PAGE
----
The Song of Achilles


Greek mythology is something that has always interested me. I remember reading the stories about the divinity of the Greek gods and the immense power Greek heroes had bestowed upon them as they completed epic quests. Therefore it was no surprise that ‘The Song of Achilles’ was added to my never ending list of books to read at some point. I had briefly read about the legend pertaining to Achilles and could remember only small muddled fragments. However, having never read ‘The Iliad’ I didn’t really have much of an idea of what to expect.

After finishing ‘Song of Achilles’, my first thought had been how romantic the Greek myths had been portrayed. I felt sheltered having just dabbled in this genre, leaving my mind open to absorb this interpretation of Achilles.

“…he is half my soul … as the poets say

The gods were depicted to be capricious, prideful and vengeful, thus placing them far away from humans. Yet at the same time, ironically this reflected humanity, uncomfortably so. It contrasts the way we may traditionally think Gods to be – benevolent and wise. Glimpses of this could be seen in Achilles at times, especially in his refusal to rejoin the battle of Troy despite Patroclus’ many emotional requests. More often than not, it was difficult to connect with Achilles. His fierce love and loyalty for Patroclus was truly incredible and in these moments, Achilles was truly human. The depiction of the gods as a whole was interesting given how they look down (metaphorically and literally) on humans but insist on interfering in their affairs.

“In the darkness, two shadows, reaching through the hopeless, heavy dusk. Their hands meet, and light spills in a flood like a hundred golden urns pouring out of the sun”.

The relationship portrayed between Achilles and Patroclus was simply amazing. It built up naturally and did not appear to be rushed at all. It was sincere and wonderful. The intimate scenes were heartfelt and beautifully captured. In particular the significant impact Achilles and Patroclus had on one another.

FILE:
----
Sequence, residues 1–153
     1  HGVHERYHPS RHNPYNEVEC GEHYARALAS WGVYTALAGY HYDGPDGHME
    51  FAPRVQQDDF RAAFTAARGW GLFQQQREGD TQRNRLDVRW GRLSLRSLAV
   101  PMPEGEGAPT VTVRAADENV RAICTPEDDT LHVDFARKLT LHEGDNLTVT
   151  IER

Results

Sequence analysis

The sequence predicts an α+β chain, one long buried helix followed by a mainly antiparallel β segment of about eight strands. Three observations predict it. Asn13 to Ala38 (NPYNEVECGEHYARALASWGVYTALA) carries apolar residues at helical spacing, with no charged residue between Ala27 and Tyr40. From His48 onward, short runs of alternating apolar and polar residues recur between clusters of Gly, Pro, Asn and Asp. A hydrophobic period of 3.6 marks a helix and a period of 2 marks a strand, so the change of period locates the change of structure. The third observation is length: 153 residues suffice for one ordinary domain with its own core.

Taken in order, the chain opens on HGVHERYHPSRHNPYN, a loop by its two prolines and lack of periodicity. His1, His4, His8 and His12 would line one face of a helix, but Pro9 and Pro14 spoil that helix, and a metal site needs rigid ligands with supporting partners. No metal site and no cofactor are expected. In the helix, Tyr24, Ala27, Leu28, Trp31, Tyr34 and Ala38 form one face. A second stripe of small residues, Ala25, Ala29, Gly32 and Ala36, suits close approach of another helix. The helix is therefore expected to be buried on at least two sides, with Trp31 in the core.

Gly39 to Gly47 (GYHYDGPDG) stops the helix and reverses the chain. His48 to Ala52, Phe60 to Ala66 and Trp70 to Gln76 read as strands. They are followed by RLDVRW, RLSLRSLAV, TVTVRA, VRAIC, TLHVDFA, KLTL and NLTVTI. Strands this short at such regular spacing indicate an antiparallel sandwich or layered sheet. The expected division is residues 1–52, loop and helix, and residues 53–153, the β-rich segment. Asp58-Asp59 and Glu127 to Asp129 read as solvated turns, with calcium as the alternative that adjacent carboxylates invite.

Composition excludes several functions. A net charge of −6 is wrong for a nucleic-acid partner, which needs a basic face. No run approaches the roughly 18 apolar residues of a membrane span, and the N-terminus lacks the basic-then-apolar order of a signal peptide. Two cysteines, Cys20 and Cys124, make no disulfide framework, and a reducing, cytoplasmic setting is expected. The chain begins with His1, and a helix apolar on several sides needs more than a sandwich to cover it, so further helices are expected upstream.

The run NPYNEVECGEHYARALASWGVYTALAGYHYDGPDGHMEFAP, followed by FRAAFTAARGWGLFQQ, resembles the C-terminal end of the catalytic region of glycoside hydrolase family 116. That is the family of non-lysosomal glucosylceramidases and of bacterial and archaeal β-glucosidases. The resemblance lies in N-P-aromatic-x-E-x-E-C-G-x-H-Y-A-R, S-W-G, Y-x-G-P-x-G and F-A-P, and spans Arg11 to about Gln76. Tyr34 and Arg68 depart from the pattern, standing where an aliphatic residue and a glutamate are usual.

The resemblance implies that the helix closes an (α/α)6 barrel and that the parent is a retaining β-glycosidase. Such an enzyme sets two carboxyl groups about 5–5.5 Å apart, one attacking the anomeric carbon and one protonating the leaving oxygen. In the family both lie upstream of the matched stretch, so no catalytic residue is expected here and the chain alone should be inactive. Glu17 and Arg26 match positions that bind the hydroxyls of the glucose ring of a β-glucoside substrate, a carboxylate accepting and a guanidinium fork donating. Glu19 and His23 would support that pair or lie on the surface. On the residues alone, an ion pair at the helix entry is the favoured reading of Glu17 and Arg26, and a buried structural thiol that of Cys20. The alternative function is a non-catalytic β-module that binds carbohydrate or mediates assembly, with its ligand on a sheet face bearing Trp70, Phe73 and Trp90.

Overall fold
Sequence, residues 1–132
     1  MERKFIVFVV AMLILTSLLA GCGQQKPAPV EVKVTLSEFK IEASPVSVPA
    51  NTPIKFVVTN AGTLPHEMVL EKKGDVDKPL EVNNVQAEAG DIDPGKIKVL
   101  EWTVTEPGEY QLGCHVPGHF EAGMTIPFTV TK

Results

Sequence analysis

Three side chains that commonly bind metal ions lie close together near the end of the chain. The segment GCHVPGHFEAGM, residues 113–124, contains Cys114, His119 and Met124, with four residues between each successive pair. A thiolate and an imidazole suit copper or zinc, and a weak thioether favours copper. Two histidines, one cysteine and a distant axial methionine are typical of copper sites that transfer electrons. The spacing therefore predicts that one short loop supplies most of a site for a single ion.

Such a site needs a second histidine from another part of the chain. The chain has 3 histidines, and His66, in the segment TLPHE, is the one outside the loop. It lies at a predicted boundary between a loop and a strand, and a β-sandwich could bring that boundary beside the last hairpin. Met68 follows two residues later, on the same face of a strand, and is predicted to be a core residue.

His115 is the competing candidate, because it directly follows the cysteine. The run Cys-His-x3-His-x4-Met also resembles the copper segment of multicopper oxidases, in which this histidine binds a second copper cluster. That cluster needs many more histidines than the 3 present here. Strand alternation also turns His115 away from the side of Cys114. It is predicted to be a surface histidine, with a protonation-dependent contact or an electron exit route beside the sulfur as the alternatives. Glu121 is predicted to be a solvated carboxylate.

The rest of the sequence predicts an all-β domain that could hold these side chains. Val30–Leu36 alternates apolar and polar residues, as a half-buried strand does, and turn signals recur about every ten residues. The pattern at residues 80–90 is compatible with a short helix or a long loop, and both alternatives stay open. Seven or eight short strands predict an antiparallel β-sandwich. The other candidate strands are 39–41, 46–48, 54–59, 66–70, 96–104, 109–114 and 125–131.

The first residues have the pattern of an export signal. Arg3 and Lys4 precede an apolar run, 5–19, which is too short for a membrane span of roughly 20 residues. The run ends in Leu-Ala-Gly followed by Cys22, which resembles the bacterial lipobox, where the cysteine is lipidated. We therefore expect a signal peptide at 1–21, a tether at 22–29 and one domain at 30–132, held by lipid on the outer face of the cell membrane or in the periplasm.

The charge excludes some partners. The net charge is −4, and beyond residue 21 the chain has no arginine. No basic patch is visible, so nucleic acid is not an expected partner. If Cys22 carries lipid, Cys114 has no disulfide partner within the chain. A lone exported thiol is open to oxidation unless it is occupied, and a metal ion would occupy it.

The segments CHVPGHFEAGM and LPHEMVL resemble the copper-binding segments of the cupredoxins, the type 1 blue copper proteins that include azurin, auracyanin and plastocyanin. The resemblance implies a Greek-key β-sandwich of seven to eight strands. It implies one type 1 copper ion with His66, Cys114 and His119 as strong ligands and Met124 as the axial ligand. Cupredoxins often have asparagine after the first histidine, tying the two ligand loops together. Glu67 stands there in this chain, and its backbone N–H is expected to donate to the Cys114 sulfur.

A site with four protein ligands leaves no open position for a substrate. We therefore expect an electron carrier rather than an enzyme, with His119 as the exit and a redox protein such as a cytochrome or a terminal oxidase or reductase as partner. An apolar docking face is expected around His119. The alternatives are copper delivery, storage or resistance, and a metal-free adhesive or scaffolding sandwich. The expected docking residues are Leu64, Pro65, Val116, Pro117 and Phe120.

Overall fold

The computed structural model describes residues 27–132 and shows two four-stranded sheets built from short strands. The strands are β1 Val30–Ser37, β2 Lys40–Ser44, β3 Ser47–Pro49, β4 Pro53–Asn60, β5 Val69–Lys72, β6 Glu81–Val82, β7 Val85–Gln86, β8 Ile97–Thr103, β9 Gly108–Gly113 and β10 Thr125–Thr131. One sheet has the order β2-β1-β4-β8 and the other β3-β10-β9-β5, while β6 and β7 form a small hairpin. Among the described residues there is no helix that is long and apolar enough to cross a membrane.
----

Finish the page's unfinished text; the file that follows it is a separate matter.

The ending left me shattered (not to sound too dramatic or anything). Even though I had an inkling of what was going to happen, due to the emotional connection with the characters, especially Patroclus, it was hard not to feel somewhat heartbroken with Achilles. The scenes in the final chapters capturing Achilles’ heartbreak were skilfully written, evoking a whole host of different emotions.

The narration did an excellent job of bringing ancient Greece to life with vivid descriptions of each place visited.  Instead of a brief description of each character’s story in narrative, the writing allowed for them to be experienced from their perspective. It can be argued that each character was complex in their own right and their intentions weren’t always as clear cut as they may have seemed at first.

Thetis was a curious character; there was more to her that met the eye on first glance. Her maternal unconditional love for her son was clear to see in the various sacrifices she made in order to protect him. It was frustrating to witness her outward hatred towards Patroclus. It was still even more frustrating that it was understandable to a degree. The connection formed between them at the end was full of pure raw emotion.

In a nutshell this was a beautiful story, focussing on the close bond between Achilles and Patroclus that started as friendship and ended in intimate love against the backdrop of the Trojan War. A whole variety of emotions have been weaved into the narration only to ultimately culminate in a heartbreaking conclusion.

Happy Reading,


P.S. I was told to stand outside for my poor performance. If anyone asks, I was outstanding 🙂

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